Bob Weber

Q: I bought a used 2008 Chevy Trailblazer several years ago. It is the right distance above the ground, and I really like it. When I drive for 30 or 40 minutes the voltage on the dash would go down. It still started normally, so I didn’t worry about it. Then, one day, it didn’t start. The tow truck driver jumped it and I went to get it fixed. They said I needed a new battery and alternator, so I had them replace both. After short drives, it seemed OK. The next long drive, the voltage went down again. I plugged it my digital voltmeter. After start, the voltage would go up to 15 volts, then gradually decrease, until it went down to 12.2 volts. I went back to the shop, and they replaced the alternator. Same story. Another alternator, same story. A different brand alternator, same story. The gauge on the dash shows the same thing, just not as precise. Is there something in this model that could cause this?

J.W., Evanston, Ill.

A: What you are seeing is perfectly normal. A fully charged battery will show 12.2 volts. Any drain on the battery, such as using the starter, lowers the state of charge — the voltage. It is the alternator’s job to get the voltage back up and it does this at a rate of 14.7 volts. That is close to your 15-volt reading. I would question the skill of a shop that replaces parts without a thorough diagnosis.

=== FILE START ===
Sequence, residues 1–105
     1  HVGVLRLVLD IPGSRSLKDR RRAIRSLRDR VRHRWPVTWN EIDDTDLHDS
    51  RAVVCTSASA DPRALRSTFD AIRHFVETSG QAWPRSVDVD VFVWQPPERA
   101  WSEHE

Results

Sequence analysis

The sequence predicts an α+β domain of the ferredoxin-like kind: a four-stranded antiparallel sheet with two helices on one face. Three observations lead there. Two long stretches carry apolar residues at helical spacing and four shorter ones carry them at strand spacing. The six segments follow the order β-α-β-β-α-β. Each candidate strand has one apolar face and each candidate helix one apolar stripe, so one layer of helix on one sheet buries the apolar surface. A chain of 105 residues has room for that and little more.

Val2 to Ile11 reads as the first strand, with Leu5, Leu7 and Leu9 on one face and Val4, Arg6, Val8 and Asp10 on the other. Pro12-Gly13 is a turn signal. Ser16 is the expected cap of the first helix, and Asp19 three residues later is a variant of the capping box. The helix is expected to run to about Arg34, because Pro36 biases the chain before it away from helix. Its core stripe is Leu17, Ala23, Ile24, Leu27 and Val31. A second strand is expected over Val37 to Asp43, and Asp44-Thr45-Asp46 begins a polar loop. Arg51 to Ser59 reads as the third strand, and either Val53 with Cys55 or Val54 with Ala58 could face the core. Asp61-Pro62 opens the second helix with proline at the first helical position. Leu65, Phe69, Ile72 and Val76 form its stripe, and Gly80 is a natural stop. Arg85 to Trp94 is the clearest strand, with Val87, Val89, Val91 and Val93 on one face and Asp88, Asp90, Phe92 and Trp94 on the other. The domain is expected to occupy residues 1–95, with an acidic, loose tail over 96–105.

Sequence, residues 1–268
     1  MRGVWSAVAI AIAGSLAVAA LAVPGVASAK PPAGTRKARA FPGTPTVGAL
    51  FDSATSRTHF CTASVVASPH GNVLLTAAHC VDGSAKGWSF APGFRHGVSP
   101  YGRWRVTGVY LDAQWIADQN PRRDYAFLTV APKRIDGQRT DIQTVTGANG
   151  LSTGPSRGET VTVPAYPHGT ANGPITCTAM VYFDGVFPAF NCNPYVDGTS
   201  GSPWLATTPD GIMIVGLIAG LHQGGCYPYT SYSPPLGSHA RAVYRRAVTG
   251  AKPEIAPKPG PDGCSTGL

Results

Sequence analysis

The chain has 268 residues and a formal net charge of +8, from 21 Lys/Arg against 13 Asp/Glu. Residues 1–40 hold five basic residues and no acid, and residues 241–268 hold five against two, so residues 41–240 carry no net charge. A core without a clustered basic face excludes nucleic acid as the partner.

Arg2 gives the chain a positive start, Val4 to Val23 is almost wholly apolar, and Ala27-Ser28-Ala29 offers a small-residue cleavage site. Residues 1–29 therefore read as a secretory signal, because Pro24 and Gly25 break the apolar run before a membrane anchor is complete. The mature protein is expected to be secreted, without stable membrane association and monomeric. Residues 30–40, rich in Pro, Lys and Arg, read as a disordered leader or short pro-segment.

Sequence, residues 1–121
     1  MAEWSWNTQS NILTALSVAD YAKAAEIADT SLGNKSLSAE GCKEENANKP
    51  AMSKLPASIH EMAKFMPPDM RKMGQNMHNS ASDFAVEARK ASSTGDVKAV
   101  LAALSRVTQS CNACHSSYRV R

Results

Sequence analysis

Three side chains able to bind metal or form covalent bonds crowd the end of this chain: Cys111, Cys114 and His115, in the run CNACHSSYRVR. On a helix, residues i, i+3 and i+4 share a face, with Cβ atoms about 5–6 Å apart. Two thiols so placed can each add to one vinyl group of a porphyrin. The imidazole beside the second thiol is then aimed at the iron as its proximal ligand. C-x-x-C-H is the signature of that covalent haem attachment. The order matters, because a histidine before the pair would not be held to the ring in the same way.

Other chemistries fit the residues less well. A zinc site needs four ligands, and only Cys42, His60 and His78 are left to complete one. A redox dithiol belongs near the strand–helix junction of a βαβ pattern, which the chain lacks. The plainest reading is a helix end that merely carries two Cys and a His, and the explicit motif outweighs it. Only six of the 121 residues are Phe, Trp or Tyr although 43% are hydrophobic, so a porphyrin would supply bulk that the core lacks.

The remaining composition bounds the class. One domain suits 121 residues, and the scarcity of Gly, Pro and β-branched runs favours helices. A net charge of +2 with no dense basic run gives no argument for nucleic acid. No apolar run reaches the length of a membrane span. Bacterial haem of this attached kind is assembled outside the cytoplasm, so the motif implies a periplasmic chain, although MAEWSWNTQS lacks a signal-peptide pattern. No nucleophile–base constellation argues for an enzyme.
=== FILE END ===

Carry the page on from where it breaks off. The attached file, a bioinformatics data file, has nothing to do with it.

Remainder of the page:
Q: Just outside Chicago, there is a sign that reads, “Engine braking prohibited.” On the east side of road are homes. The west side is industrial. Any idea what this sign means?

V.J., Palos Hills, Ill.

A: It warns truckers not to use jake brakes (engine compression release braking) or downshifts in the area. It is designed to protect the residents on the east side of the road from unnecessary exhaust noise.

Q: I have a 2013 Dodge Durango V-6, purchased new, with 44,000 miles. The last couple times I took it to my mechanic for an oil change, he pointed out coolant residue up and down the side of the radiator. He told me that I will soon need a new radiator, at a cost of $1,000. Interestingly, I see no sign of coolant leakage on my garage floor. To further check, I waited a few weeks and then checked my coolant level by removing the radiator cap one morning, before starting the engine. The cold coolant level was at the top of the radiator. When the engine is fully warm, the temp gauge reads below the halfway mark. I don’t believe I need a new radiator but am starting to think I need a new mechanic after all these years. What do you think? Thank you.

N.K., Minneapolis

A: If the leak travels along something hot, the coolant evaporates but like a garden slug, leaves a trail. That may be why there is no dampness on your floor. You may eventually need a radiator. But before you plunk down a grand on a new one, try some cooling system stop leak. Having used it, I can vouch for Bar’s Leaks brand. It was once used in the condenser of the 1958 Nautilus nuclear submarine.

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